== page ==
"I recall observing 3,000 feet . . . 3,500 feet . . . 4,500 feet on the altimeter," Capt McMahan says. "Pitch attitude exceeding 18 degrees . . . 20 degrees . . . 22 degrees. And the speed was decaying, 150 knots . . . 145 . . . 143 . . . 140."
In that sequence, the plane was fast running into the danger of a fatal stall, because with the nose up and the air speed dropping, the air wouldn't be moving across the wing fast enough to provide sufficient lift. The solution for that problem is to get the nose down and increase air speed - but the crew just couldn't get the nose down.
"Suddenly," Capt. McMahan says, "I had the horrifying realization that we were going to lose it. I'm trying to fly this thing as well as I can, and I thought, son of a bitch, I can't even fly it - it won't respond. I had a very clear mental picture of exactly what the aircraft was going to do - stall, roll to the left and descend vertically, disappearing into the clouds - at night - into the water." A week before, a Southern Airways DC9 had crashed, killing 68. And the week before that the Pan Am and the KLM planes had collided on Tenerife. "Accidents come in threes, they say, and I thought, 'My God, we're number three.'"
AT THAT INSTANT, the captain yanked all the throttles back, reducing power. For a pilot, it was an unnatural and illogical move. Reducing power would cut air speed further, and that would seem to increase risk of a stall. But, the captain says, "At the stage, you quit being methodical - you just do something and do it fast."
The tactic worked. "I felt a little change in control 'feel,' a little more control over the plane." The captain then advanced the No. 2 throttle, which increased the thrust of the No. 2 engine in the tail of the £1011. In the £1011, the two engines hanging on the wings of the plane, Nos. 1 and 3, are canted slightly downward, and their thrust makes the plane pitch up. But the No. 2 engine in the tail is canted slightly upward, and its thrust makes the plane pitch slightly downward. The increased thrust Capt. McMahan applied to the No. 2 engine did exactly that.
The nose slowly began to come down, to about 18 degrees; speed began picking up, to about 150 knots, and at 9,000 feet the plane broke out of the overcast and into bright moonlight. "A welcome change," the captain recalls. By adjusting the throttles slightly, the captain was able to stabilize the plane at about 10,000 feet.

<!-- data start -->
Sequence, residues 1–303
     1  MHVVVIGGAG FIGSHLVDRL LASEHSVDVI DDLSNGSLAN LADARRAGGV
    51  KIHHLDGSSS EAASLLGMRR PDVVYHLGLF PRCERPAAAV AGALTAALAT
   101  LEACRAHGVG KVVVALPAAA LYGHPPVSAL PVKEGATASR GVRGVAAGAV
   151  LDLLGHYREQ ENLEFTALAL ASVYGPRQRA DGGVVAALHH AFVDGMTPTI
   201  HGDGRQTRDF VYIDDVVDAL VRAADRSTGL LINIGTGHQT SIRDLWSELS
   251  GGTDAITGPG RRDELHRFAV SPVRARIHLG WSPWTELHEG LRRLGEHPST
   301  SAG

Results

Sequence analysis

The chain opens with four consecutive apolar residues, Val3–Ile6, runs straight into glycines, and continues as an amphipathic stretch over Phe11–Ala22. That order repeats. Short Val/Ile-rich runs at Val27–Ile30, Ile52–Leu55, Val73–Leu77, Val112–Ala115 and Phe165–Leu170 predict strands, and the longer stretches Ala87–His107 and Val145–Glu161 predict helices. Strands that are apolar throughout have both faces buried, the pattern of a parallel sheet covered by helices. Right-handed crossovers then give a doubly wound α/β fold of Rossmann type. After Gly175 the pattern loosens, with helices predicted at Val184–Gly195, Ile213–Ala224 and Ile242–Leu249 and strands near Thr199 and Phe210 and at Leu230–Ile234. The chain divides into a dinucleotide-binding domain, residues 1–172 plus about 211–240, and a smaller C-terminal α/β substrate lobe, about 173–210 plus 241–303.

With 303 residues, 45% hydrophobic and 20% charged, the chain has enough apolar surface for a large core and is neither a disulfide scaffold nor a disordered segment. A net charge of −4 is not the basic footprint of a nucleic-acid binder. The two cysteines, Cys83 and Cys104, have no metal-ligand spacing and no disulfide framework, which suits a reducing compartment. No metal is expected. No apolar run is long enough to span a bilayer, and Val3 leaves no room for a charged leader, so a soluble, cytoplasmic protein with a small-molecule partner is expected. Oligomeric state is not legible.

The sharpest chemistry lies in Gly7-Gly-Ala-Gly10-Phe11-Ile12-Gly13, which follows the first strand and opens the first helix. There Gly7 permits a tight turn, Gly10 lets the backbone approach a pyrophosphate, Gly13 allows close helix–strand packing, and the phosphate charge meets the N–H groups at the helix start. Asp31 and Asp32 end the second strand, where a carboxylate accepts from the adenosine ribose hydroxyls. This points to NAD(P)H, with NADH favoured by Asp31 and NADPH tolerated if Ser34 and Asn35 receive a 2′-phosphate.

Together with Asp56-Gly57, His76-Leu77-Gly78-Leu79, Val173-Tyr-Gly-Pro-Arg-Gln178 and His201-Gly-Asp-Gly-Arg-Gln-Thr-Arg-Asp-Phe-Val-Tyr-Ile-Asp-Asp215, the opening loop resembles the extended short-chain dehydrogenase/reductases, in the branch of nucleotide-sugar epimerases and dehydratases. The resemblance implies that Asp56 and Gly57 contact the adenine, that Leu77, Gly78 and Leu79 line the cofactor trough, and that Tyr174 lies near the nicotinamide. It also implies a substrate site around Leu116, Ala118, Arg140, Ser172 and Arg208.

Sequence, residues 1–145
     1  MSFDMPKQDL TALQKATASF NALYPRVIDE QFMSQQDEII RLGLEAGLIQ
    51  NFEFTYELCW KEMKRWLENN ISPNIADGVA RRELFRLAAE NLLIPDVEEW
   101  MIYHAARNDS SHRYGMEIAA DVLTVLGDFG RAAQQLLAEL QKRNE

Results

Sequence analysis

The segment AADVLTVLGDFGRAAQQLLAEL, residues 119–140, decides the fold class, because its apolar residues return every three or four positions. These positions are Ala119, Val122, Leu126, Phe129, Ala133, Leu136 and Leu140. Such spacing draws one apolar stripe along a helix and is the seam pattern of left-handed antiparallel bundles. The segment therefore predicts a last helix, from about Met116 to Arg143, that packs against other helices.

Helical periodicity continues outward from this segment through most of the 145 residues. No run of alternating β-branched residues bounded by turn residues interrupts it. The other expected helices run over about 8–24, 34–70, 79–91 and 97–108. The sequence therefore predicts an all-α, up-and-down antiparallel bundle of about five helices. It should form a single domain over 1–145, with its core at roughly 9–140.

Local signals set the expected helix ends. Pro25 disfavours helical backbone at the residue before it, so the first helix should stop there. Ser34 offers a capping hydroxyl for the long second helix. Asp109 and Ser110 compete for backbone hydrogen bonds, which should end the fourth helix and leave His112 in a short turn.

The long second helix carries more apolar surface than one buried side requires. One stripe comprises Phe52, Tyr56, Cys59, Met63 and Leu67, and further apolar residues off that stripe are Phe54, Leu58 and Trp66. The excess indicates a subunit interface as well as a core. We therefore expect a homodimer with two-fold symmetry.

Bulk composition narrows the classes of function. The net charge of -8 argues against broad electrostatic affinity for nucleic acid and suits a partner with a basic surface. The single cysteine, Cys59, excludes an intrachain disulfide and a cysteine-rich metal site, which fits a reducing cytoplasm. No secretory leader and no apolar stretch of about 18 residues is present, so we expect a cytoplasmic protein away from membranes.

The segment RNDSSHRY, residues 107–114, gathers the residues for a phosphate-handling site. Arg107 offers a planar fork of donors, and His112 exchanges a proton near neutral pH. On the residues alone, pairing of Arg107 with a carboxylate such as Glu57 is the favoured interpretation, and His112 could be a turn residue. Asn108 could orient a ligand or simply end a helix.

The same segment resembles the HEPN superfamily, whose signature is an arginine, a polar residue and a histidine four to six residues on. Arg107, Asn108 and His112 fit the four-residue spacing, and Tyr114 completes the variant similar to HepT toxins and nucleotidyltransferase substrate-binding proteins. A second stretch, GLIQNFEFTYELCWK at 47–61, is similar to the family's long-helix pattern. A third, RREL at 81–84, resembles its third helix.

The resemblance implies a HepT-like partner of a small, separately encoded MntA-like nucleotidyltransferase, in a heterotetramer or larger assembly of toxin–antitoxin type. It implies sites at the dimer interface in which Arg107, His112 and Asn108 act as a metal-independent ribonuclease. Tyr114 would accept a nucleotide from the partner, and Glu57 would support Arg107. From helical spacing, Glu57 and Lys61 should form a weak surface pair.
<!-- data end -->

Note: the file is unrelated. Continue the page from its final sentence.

Jane Hooper, the flight-attendant coordinator, had sensed something was wrong earlier and had been up to the cockpit. But she had been told to go back and "strap herself in," the engineer, Steve Heidt, says. "We were just too busy earlier," he recalls. Miss Hooper came back again. She was told there was a control problem, and she was asked to move all the passengers forward in the cabin to help get the nose down. "It probably didn't help much, but in that situation we figured every little bit would help," Heidt says.
Now, the question was, where to land. The captain immediately ruled out returning to cloud-covered San Diego. "No way was I going back into that weather." Palmdale Airport and Edwards Air Force Base were considered, but they close at 10 p.m., and it was after midnight. Phoenix and Las Vegas also were considered, but those choices would mean flying over the Sierra Nevada, where turbulence could be fatal to a plane already hard to control. That left Los Angeles International, and despite cloudy conditions there, too. Los Angeles was chosen.
Which direction should the plane come in from? At this point the cockpit voice recorder becomes available (earlier sections had been automatically erased as the 30-minute tape is continously reused) and the crew conversation indicates the captain was offered the option of flying over Los Angeles itself into the airport.
"That's no good," the captain said. ("I could imagine the holocuast if we went down over the city," he recalls later. "I figured if we lose it, we should lose it over water.")
So the Delta flight would come in from the ocean. That had some disadvantages pilots dislike landing over water at night, because there aren't any visual reference points. Among pilots, it's called landing "over a black hole." But that approach also held advantages: it made possible a long, straight-in approach. Pilots prefer that, at it gives them plenty of time to stabilize the plane and handle any control problems. And Jack McMahan was thoroughly familiar with that approach to Los Angeles International.
A normal touchdown, however, would be impossible. With no control over pitch so the pilot could force the nose down on the runway, the plane might float across the airport on a cushion of air and crash at the end. Even worse, as it neared touchdown, it might suddenly pitch up a couple of hundred feet, stall, then crash down into the runway. With no altitude to maneuver, there would be nothing the pilot could do.